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Book Reviews

Amateurs at Love

by Patricia Young


by Tess Liem

Ruba’iyat for the Time of Apricots

by Basma Kavanagh

Ruba’iyat for the Time of Apricots is the third book of poetry from writer and artist Basma Kavanagh. “Ruba’iyat” refers to a grouping of “ruba’i” – poems in a classical Persian four-line form not unlike the western quatrain. Kavanagh takes some liberties with her ruba’iyat: she does not employ end rhymes; each page contains three quatrains (or ruba’i); and the book is one continuous poem, without any titles or section dividers.

The poem is a pronounced encounter with tactile and lush objects, both indoors and out. Kavanagh has a passion for the specific names of things and for describing sensations: “warming loam, morel-like, edible.” Many of the quatrains describe actions of the hands – kneading dough, writing with a pen, crawling over land, tapping a maple tree.

The language and the imagery are lovely but in this uninterrupted form, the themes – women’s work, interdependence with the environment, eco-poetics – lose some urgency and become merely pretty. This happens because, in terms of time, there is no clear establishing unit through which the poem moves, and the decision to place three quatrains on each page seems to be more aesthetic than practical. On one page, the first quatrain notes that “twilight persists,” the second begins with the author “waking,” and in the third it’s night again. The three quatrains on a given page can jump anywhere without any apparent logic or drive. On another page, the first quatrain is about picking up a cocoon outside, the second is about the speaker’s grandmother cooking, and the third is about the previous winter. Places, images, and themes are revisited often in this scattershot manner; as a result, the long poem doesn’t cycle back on itself in a meaningful way, or move forward.

Amateurs at Love by Patricia Young could hardly be more different from Kavanagh’s book. In contrast to the meditative quality of Ruba’iyat, Young’s collection is largely irreverent and frequently playful. It also contains six highly differentiated parts featuring alternating sections of prose poems and lyrics.

The result is somewhat disjointed, while also being over-directed. In addition, not all sections relate to the title. The first section, “This could be anyone’s story,” reflects the book’s title most directly, with its anonymous him and her edging toward the loss of innocence and – eventually – other deaths. Less pertinent is the section called “Animal Tales,” in which each poem is named after a barnyard animal. In “Horse,” the equine eats fermented daisies and hallucinates.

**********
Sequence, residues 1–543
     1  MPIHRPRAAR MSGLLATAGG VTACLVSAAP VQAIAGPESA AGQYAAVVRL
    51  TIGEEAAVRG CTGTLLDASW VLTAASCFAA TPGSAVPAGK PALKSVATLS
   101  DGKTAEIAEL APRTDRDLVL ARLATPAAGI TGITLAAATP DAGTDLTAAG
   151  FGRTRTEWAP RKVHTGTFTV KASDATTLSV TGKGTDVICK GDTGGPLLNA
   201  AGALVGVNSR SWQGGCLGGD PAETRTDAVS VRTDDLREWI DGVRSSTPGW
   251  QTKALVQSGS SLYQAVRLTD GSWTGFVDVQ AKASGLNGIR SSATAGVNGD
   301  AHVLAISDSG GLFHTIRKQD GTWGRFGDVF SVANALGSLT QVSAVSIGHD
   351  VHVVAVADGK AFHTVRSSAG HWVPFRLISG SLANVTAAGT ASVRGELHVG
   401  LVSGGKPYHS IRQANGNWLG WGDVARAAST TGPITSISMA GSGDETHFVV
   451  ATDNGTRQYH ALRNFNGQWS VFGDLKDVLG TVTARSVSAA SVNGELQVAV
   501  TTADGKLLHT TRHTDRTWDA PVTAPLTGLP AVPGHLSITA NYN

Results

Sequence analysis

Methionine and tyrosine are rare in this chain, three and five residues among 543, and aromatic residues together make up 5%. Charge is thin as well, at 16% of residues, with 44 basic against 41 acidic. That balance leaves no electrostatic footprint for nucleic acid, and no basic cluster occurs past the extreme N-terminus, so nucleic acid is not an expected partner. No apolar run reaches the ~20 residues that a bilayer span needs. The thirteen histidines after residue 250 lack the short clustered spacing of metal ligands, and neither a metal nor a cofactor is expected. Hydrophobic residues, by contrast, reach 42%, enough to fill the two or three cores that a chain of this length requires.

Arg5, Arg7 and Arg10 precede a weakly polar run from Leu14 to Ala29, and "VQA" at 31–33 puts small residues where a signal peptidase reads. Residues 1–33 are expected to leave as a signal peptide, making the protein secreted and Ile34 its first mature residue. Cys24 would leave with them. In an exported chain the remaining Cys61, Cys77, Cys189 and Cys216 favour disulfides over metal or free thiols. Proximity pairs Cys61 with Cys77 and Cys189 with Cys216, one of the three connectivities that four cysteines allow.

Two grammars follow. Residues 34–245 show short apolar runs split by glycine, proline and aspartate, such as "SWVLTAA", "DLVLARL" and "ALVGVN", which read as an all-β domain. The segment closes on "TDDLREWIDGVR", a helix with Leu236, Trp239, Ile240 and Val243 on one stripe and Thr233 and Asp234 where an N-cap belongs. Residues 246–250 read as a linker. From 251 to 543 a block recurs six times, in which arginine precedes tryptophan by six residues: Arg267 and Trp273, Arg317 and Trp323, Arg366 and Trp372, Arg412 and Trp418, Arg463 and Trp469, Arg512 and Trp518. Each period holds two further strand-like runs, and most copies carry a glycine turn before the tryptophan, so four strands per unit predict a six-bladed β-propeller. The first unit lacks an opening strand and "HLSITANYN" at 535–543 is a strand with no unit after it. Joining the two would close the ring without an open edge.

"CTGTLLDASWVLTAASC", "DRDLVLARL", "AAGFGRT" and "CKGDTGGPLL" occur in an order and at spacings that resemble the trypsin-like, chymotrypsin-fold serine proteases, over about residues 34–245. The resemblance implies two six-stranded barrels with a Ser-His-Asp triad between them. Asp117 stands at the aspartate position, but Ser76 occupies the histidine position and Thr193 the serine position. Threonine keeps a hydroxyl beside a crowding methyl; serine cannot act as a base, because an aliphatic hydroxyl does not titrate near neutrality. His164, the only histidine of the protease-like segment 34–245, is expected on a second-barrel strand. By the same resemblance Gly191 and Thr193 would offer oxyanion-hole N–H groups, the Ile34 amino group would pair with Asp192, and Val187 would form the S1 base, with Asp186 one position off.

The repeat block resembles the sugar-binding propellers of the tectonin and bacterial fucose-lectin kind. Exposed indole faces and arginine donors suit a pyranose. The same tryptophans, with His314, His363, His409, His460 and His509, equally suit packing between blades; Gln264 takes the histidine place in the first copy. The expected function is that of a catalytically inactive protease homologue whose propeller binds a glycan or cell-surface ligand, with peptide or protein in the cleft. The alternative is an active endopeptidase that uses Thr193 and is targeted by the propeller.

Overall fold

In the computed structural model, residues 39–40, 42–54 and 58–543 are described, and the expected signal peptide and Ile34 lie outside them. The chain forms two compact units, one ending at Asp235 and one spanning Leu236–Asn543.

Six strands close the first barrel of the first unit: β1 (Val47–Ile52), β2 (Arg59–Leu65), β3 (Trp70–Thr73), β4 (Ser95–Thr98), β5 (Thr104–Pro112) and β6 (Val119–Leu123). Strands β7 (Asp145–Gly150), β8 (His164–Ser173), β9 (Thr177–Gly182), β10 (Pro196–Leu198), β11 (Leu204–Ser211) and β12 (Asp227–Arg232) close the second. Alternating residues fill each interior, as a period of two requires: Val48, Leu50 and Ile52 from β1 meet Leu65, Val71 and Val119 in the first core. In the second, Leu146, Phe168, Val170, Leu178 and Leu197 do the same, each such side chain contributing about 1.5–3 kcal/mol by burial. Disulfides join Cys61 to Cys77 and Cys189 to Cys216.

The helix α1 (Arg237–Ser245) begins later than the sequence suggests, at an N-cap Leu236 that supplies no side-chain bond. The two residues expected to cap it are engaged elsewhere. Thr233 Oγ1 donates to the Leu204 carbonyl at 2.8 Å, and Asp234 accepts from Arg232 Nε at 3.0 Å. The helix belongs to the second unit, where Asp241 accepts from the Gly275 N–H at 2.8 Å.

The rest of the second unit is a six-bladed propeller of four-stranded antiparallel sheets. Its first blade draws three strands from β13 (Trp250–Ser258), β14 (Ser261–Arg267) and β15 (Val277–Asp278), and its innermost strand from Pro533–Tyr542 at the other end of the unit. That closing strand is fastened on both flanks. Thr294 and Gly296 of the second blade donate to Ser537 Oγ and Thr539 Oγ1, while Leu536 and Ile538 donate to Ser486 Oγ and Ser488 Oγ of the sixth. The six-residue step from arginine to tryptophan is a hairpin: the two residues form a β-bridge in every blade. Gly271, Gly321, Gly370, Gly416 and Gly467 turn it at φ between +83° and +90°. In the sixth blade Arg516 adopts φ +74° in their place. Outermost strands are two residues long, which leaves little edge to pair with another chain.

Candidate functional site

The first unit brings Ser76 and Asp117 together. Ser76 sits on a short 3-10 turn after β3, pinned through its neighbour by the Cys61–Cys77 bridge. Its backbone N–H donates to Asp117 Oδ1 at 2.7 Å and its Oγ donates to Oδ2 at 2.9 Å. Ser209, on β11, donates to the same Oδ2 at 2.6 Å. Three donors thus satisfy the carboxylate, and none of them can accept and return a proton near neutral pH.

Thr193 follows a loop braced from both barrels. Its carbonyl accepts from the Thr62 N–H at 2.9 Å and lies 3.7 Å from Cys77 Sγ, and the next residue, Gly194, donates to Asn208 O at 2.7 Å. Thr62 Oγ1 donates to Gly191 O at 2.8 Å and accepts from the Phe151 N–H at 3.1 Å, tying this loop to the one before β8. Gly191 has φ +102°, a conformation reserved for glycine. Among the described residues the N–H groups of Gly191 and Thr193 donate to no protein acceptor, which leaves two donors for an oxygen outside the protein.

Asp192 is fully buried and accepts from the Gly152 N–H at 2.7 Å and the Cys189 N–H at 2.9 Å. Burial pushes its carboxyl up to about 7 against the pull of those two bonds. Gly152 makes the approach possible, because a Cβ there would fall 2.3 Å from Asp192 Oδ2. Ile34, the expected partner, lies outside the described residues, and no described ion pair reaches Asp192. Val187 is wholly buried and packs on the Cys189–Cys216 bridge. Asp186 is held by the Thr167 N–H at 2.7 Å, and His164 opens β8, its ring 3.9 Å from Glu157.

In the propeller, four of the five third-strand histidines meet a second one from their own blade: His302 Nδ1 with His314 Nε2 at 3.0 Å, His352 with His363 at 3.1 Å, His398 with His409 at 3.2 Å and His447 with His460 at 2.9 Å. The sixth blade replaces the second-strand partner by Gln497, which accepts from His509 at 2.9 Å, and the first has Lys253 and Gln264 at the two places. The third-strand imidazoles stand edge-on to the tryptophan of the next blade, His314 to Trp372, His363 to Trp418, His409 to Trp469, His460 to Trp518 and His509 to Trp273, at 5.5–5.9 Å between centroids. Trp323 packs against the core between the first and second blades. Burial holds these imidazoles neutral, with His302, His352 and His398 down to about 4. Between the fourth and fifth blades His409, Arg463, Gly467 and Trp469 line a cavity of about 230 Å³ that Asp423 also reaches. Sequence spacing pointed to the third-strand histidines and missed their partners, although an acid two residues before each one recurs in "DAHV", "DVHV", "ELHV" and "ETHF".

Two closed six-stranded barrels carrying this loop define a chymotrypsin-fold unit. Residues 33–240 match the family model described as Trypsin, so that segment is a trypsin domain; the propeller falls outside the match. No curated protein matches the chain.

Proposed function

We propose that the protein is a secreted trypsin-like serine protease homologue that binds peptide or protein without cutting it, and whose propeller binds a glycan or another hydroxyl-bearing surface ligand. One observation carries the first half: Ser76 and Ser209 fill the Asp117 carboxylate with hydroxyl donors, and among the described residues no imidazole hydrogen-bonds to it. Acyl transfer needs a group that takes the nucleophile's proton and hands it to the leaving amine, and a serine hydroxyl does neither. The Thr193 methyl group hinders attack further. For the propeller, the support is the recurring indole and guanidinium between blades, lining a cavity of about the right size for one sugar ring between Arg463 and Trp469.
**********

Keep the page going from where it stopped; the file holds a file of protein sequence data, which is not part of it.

The section called “Pangramic Love Songs” has the words of each poem’s title embedded in every subsequent line, in bold. While the repetition is a clever technique, bolding a single word in each line is hugely distracting. On the line level, these poems are the least strong in the collection, hamstrung by the conceit: “Farmer is as farmer was, I said, meaning our marriage / was a mess, Jack, a mess of broken tractor parts” (in the poem “Farmer Jack Realized That Big Yellow Quilts Were Expensive”).

Tess Liem’s Obits. is a highly accomplished debut – a book that seeks to carve out a place of mourning for people who find themselves othered and for selfhood that is not seen or acknowledged. Liem’s work is impressive on the line level and in its overall structure and quality of thought; the poet has achieved a fine balance between expressing and interrogating herself and incorporating external sources for material.

Individual poems make use of the page like a canvas – some are left-aligned, some centered, some scattered. The book has four discrete sections that communicate with each other and with the larger thematic project as a whole, yet each employs its own rules and motifs. A thread running through the entire collection, like a broken suite, comprises 11 poems, each called, simply, “Obit.”

Liem confronts a number of male writers – Shakespeare, the Stoics – for their omissions and false characterizations. In “The Jilt,” she asks of Freud, “Say who cares about those melancholy flirts anyway / Really, though who is caring for them?” Like Kavanagh, Liem is interested in how women labour, but here the lens is more skeptical than romantic. Attempting to achieve the perfect blonde hair, inheriting a wok, schlepping on the subway: Liem wonders about the merits and costs of womanhood and commands, “make your grief public.” There is a melancholy that sweeps through these poems, along with an unanswered question about its roots. Liem is resigned to her sadness as a condition but seeks connection: “She is sad, too, she will tell me she has questions, too.”

Obits. deftly balances the cerebral and the sentimental and has achieved something very difficult: it is a book that feels personally urgent for the poet yet also somehow encompasses the other who is reading it.